Hospital care evolves to include pleasure, not just sterile pain

Posted: Wednesday, February 25, 2004

The wonderful smell of freshly baked bread isn't something one expects when arriving at the Central Peninsula General Hospital's Oncology Department for chemotherapy, but with the hospital's focus on patient-centered care, that's just one of the newly added pleasures people find there.

"As part of Planetree, we try to make the patient as comfortable as possible," said Kathy Lopeman, oncology nurse, who runs the department with the help of oncology technician Glenna Bragg.

Planetree is a philosophy of care geared toward personalizing, humanizing and de-mystifying health care for patients and their families.

While bread baking customarily is not one of the many skills required of registered nurses, Lopeman happily performs the task, which she says enables patients to recall memories of their moms baking bread when they were younger.

"People identify with the smell as a pleasant thing," she said.

"I've seen their pulse rates and respirations decrease as soon as they smell it."

The nurse, who has run the cancer-treatment department since it became a full-time service at CPGH in 1997, said to make the treatment as comfortable as possible for the cancer patient, something pleasing must be found, whether it's an aroma, something visual or a sound.

"During chemotherapy, often people's tastes change. Some will actually go completely opposite.

"Where they liked sweet things, now they prefer sour," she said.

Some of the medicines patients use also can cause things to have a metallic taste, she said.

Chemotherapy involves the use of drugs anti-neoplastic agents that attack and kill cancer cells. The drugs can be administered intravenously and orally and can be injected into the bladder, the spine or into muscles. They may also be injected directly into a tumor, according to Lopeman.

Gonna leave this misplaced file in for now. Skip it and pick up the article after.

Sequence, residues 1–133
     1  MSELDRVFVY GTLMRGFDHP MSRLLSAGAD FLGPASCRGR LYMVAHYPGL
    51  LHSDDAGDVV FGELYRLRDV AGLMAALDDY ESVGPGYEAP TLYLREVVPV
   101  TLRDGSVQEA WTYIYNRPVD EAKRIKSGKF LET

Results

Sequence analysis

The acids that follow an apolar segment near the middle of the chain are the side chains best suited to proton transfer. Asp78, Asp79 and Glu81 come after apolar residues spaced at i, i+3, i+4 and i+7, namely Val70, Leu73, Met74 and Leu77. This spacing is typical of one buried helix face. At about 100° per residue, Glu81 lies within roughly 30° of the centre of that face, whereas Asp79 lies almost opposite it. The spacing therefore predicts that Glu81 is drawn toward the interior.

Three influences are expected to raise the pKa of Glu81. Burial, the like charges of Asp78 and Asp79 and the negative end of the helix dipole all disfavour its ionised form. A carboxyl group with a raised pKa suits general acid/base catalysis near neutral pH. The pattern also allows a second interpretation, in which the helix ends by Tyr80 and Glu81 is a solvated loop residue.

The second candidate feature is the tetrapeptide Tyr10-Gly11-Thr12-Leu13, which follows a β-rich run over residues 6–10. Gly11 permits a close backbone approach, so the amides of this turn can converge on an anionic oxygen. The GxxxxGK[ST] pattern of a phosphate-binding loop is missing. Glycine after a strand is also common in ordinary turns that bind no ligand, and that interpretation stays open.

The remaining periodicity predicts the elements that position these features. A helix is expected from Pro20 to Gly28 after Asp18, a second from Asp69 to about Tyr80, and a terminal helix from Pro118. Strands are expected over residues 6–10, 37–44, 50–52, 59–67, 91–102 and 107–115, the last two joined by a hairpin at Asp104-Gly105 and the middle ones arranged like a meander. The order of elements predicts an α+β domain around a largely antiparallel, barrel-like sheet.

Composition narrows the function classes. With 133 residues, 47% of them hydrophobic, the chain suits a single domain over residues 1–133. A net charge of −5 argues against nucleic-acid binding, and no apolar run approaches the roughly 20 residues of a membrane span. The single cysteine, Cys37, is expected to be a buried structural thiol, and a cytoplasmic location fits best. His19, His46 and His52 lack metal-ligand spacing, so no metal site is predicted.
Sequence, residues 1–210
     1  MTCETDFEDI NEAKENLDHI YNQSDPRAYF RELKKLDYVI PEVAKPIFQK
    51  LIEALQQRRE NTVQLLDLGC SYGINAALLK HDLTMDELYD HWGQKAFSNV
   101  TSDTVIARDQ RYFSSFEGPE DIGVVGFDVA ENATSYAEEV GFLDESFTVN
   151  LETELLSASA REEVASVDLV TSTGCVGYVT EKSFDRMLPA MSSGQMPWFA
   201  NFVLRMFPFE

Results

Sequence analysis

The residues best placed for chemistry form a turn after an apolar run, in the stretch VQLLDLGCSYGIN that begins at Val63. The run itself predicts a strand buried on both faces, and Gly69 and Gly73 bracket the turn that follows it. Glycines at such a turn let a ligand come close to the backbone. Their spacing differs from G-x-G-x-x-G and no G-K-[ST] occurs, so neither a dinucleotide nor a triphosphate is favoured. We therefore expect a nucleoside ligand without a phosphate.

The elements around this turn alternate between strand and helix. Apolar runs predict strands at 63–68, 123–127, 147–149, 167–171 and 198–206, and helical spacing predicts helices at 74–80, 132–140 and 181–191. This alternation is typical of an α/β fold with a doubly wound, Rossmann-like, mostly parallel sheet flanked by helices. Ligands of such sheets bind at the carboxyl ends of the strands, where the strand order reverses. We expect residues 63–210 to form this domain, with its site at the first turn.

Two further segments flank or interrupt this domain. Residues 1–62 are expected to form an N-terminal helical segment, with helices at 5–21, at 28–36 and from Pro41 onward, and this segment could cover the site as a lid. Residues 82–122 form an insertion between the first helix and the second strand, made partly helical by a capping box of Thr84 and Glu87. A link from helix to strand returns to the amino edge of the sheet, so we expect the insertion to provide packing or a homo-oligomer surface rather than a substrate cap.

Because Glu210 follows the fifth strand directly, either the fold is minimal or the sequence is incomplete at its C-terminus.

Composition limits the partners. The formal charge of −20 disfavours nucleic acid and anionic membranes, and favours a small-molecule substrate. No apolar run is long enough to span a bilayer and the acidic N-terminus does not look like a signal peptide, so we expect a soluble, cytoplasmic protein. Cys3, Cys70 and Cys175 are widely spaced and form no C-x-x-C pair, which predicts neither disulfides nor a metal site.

A nurse since 1978, Lopeman first became interested in helping cancer patients while her own mother underwent treatment for colon cancer in 1990.

"Her care was atrocious. There was no concern for patient comfort. They did nothing to treat the nausea that came with her treatment," she said.

"That's when I decided to learn about it."

Lopeman, who first hired on as a nurse at the hospital in 1984, went to Providence Alaska Medical Center in Anchorage to complete a 40-hour course in oncology and became certified in 1995.

Initially she worked four hours a week in oncology, while performing other nursing duties in the hospital's Medical-Surgical Department.

The next manager she worked for, allowed her to spend 16 hours a week in oncology.

In 1997, the position of oncology nurse became full time.

"We had one closet-sized room in the corner of Med-Surg," she said.

Today the Oncology Department includes a central room where three patients can receive chemotherapy drugs simultaneously and three additional single-patient rooms.

The department that treated six cancer patients a month in 1997, now averages between 125 and 150.

"My patients become my extended family," said Lopeman.

"If I can just help them with the nausea, or help them understand what's going on ... people need to know about their treatment," she said.

"We joke with them, we laugh and we cry."

The mother of two grown sons and one stepson, Lopeman finds inspiration in her patients, and even transformed a man she describes as the rudest patient ever, into her husband.

"One inspiration is a woman who was here with ovarian cancer nine years ago," Lopeman said.

"She was told to go home, get her house in order. She refused. She said, 'I'm going to live.'"

The woman went to another doctor for a second opinion and started chemotherapy.

"She just turned 50 and moved to Texas," Lopeman said.

"I love my job and I just love people, but one day I'd like to find myself unemployed because they found an injection we could give to prevent cancer."

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